IN ADDITION to the coronavirus pandemic, some politicians have been infected today by another pandemic — the ‘NATO’ one.
Having encapsulated a significant number of countries in coalitions created against its opponents, the United States, in the heat of a militant pandemic, tried in recent years to first create the so-called ‘Arabic NATO’, and then even an ‘Asian NATO’, despite the obvious reluctance of more and more countries not only to follow the lead of the ‘decrepit hegemon’, but also to support its ideas for an even greater split of the world into military blocs.
But it is well known that any virus is contagious. And this ‘pandemic’ trend was picked up by the Turkish leader Recep Tayyip Erdogan, who embarked on a course towards an intensified collapse of the Collective Security Treaty Organisation (which, it should be recalled, in addition to Russia and Armenia, includes Kazakhstan, Kyrgyzstan and Tajikistan) and to build a ‘Turkic NATO’ with a single ‘Army of Turan’ on its ruins. Among the members of such an alliance he sees Azerbaijan, Kazakhstan, Uzbekistan, Turkmenistan, Kyrgyzstan and Tajikistan, as well as the Turkish Republic of Northern Cyprus, unrecognised by the world community, all of them under the direct military-political leadership of Turkey.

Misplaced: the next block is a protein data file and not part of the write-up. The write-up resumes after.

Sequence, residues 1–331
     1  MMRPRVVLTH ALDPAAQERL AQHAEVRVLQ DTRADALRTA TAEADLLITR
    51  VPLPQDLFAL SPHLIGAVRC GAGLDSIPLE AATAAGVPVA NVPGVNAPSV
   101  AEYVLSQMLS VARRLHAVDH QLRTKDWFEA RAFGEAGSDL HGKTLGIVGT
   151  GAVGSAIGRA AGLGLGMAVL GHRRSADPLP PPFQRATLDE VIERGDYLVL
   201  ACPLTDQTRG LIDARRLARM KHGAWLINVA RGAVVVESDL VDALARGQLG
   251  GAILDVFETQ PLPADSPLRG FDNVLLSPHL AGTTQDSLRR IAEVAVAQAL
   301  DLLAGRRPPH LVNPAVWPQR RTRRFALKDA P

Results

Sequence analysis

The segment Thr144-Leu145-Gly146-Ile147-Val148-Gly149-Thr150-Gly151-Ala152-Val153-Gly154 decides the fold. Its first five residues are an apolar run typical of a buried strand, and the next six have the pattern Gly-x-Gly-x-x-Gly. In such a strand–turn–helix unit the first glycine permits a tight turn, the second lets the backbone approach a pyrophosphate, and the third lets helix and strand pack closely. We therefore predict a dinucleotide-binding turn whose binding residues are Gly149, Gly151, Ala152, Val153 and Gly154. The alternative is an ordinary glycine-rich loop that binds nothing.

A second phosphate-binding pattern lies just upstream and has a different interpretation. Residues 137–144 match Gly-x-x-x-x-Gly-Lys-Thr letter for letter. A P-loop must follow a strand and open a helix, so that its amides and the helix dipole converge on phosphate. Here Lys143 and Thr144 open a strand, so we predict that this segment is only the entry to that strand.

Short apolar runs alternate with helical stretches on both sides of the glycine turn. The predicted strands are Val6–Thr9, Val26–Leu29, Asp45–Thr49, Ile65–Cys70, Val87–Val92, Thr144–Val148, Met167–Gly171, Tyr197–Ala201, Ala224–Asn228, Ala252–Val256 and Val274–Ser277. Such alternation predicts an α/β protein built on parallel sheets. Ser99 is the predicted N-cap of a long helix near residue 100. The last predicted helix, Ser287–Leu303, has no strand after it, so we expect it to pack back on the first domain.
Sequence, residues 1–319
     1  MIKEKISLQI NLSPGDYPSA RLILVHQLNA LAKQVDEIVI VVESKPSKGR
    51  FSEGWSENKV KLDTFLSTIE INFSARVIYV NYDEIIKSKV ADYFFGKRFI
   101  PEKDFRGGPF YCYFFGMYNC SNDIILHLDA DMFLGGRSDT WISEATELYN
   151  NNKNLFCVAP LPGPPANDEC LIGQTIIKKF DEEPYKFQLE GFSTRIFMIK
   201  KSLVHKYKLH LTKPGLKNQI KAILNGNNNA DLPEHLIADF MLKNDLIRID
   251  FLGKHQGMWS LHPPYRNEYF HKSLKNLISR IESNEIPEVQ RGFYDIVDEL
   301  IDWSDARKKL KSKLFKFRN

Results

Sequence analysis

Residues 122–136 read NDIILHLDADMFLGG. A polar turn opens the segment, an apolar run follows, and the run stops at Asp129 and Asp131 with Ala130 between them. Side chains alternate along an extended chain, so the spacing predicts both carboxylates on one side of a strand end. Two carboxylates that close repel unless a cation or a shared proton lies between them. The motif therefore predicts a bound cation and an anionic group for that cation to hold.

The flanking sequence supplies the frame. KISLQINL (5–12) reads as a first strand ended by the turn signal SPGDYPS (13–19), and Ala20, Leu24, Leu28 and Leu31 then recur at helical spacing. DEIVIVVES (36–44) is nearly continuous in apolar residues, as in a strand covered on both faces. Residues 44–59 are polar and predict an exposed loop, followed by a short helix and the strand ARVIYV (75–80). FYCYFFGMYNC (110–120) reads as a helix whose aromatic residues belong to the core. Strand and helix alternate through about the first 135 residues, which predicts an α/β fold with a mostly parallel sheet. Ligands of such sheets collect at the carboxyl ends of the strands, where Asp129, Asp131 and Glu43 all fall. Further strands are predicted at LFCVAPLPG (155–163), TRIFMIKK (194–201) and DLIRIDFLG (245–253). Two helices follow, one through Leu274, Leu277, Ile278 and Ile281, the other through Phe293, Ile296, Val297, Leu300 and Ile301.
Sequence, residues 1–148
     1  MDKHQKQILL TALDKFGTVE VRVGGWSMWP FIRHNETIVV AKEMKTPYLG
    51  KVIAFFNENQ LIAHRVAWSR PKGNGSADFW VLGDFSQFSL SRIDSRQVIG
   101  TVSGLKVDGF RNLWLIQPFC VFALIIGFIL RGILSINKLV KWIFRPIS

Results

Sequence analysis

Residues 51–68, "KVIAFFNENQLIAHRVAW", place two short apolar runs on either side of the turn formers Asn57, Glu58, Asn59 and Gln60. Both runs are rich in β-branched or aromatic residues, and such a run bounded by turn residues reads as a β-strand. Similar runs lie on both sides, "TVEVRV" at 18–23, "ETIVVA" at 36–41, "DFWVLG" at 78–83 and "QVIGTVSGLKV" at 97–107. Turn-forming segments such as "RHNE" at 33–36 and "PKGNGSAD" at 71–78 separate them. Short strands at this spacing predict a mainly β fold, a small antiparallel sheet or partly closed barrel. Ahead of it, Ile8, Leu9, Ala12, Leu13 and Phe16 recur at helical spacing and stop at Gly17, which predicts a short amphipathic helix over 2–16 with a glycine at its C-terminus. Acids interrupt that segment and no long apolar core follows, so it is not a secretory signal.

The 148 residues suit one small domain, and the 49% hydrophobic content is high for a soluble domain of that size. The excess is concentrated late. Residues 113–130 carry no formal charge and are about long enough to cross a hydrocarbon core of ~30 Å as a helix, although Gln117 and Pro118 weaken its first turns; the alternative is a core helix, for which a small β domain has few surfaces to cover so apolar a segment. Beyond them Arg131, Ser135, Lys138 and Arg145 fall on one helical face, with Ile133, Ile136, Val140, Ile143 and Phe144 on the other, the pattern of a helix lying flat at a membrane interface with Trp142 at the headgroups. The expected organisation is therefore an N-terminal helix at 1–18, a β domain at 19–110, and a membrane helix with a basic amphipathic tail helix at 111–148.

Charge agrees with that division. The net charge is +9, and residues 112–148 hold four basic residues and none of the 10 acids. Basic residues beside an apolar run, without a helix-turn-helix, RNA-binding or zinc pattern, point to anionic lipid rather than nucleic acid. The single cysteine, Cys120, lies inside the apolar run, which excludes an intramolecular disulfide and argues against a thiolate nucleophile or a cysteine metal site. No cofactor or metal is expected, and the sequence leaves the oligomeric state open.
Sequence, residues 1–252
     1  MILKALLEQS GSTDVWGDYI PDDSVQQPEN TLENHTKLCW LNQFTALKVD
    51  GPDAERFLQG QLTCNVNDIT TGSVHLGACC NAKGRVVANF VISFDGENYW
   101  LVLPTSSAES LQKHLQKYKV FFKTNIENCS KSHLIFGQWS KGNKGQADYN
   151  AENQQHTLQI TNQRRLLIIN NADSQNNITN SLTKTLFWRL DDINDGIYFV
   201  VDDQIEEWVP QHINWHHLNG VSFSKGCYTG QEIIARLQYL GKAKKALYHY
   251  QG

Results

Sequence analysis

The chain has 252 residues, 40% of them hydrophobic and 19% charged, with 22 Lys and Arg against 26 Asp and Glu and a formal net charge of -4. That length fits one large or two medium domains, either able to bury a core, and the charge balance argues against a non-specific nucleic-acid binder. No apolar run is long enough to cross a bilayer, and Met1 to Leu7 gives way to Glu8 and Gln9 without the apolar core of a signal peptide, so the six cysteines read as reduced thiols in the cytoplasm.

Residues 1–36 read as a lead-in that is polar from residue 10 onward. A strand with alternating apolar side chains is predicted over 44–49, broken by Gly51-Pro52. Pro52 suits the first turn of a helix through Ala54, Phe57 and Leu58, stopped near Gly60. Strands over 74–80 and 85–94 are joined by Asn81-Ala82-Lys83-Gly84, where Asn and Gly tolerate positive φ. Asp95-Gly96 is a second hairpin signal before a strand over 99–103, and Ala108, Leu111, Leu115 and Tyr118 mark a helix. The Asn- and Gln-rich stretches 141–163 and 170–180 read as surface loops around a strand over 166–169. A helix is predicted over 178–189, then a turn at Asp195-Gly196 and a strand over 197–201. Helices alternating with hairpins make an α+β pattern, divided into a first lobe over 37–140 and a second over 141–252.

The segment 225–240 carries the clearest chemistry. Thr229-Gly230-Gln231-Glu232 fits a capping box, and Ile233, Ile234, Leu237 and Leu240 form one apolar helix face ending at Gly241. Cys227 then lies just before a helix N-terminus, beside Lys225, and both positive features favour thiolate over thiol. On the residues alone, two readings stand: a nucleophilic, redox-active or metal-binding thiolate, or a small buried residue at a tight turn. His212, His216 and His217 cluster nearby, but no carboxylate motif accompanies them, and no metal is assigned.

Such thoughts began to be especially actively promoted by Erdogan against the background of the military escalation in Nagorno-Karabakh, during which Ankara provides unequivocal support to Baku. Turkey is trying to demonstrate to Russia’s allies that Armenia is retreating before the union of Azerbaijan and Turkey, while Ankara ‘does not surrender its allies and is leading them to victory.’
The reason for Erdogan’s use of precisely ‘military patterns’ in his frank neo-Ottoman aspirations is understandable, since the military has always had a dominant position in Turkish society and in the implementation of Ottoman ideas. However, if over the past hundred years the Turkish officer corps was oriented towards the West and was subordinate to the political leadership, then in recent years Erdogan, with numerous repressions and arrests, knocked out the former top military elite of the country, imprisoned many generals, admirals and senior officers, discredited them in front of Turkey’s society and began to personally control the military.